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Penstemon Garnet is my go-to plant for a reliable red flower that doesn't get powdery mildew and lasts more than one summer. Like many plants in this list it likes full sun and fertile soil. I've had some disasters with heavy clay soil. It is not 100% frost-proof so whilst I dead-head it through the summer I don't cut it back fully until early spring. Confusingly this is also callled Penstemon Andenken an Friedrich Hahn and you will often see both names on the label. Most Penstemons are equally long-flowering and other favourites of mine include the deep purple P. Raven and the light blue P. Alice Hindley.

Looks good with Centranthus ruber Alba, Pennisetum Red Buttons and Salvia sylvestris Dear Anja.

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Another great red flower, Potentilla Gibson's Scarlet is at the fire-engine end of the spectrum. It's great for the front of the border but give it plenty of room as the flower stems reach out further than you would think if planting early in the year. Full sun and well-drained soil will keep the plant happy.

Looks good with Geum Princess Julian, Agapanthus Black Pantha and Gaura lindheimeri Siskyou Pink.

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If you can only have one of these plants in your garden this is the one I'd go for. Rudbeckia fulgida var. sullivantii Goldsturm flowers from July until late autumn and continue to look good through the winter if the weather is not too wet and windy. And, even better, it loves heavy clay soils, perfect for London.

Looks good with Helenium Moerheim Beauty, Verbena bonariensis and Phormium Yellow Wave.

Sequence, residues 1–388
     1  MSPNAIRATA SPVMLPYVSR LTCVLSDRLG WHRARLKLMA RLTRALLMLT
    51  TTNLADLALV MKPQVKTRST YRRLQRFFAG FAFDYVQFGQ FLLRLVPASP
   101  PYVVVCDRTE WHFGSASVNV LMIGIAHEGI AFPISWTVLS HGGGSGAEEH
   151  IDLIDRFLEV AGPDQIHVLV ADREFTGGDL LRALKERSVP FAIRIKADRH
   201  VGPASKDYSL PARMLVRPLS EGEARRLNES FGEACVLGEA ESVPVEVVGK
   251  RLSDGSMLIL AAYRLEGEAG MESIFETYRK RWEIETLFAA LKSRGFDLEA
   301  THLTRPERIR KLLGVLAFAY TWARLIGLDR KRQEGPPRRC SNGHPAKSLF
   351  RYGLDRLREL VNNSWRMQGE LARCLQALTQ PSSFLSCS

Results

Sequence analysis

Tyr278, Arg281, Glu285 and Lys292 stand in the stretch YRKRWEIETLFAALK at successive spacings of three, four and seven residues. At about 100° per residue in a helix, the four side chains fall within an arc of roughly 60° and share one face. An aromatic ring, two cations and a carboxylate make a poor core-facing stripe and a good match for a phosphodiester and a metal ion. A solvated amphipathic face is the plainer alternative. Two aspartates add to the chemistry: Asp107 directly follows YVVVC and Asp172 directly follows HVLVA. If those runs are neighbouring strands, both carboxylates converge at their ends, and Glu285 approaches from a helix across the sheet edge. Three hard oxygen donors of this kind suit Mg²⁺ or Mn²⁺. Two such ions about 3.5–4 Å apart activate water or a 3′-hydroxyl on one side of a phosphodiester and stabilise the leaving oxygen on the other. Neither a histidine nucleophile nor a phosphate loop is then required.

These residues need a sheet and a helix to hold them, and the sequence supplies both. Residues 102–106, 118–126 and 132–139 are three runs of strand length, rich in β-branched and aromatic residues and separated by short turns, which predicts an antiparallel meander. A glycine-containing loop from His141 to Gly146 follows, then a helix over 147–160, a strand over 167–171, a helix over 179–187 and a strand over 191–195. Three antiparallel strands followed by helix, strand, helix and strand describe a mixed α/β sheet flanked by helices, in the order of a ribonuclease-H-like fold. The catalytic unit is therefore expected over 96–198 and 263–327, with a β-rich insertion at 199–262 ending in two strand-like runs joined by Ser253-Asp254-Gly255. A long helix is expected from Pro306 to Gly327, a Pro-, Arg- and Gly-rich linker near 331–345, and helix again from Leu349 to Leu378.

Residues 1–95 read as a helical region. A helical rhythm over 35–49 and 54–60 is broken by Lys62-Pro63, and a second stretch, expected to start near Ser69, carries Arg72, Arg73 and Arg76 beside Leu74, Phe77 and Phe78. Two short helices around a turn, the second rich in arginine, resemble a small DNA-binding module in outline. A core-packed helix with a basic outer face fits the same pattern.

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Rosa Iceberg can be grown as a shrub but as it is pretty vigorous I think it's better as a climber. It produces a magnificent flush in June and if you dead-head properly it will continue to flower on and off until December. It doesn't have a strong scent but is usually pretty healthy. Like most roses is is as happy as Larry in clay soil.

Looks good on its own.

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Winner of the RHS Flower of the Decade competition Geranium Rozanne doesn't really get into its stride for a month after most of the other blue Geraniums like G. Orion or G. Johnson's Blue. But once it does get going there is no stopping it, most I know go on until November and they don't need dead-heading. It will even grow in quite a bit of shade but for the best results plant in full sun in almost any soil except that which is waterlogged.

Looks good with Persicaria amplexicaulis Firetail, Phlomis russeliana and Salvia nemoraosa Caradonna.

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The poster flower for the millenial trend of prairie planting Echinacea purpurea will probably outlast many others that don't like the general dampness of our climate. Strikingly architectural, even after the colour has faded, they are a favourite of gardeners and pollinating insects alike. It can take a few years to bulk up so it's not a plant to be impatient with. It likes full sun and well-drained but not dry soil - not picky at all - but worth it. This one is E.p. Magnus Superior but there are many different varieties and colours. I've not had much luck with the orange ones but E.p. White Swan is a reliable and good-looking culltivar.

Looks good with Gaura lindheimeri Whirling Butterflies, Sedum spectabile Autumn Joy and Calamagrostis brachytricha.

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And finally, Erigeron karvinskianus, sometimes called E.k. Profusion or Mexican Fleabane. This is the plant you will see self-sown in the paving at National Trust properties. It flowers ceaselessly from May until November and does not need dead-heading; the newly emergent flowers are white, fading to pink as they age. It's great at the front of the border, keeping weeds at bay with its carpeting growth, and I like to plant it in pots. It's fairly unfussy about the conditions it grows in making really good value for money and it's self-sowing habit means it's quite difficult to kill!

Looks good with Olea europea, Stipa tenuissima and Sisyrinchium striatum.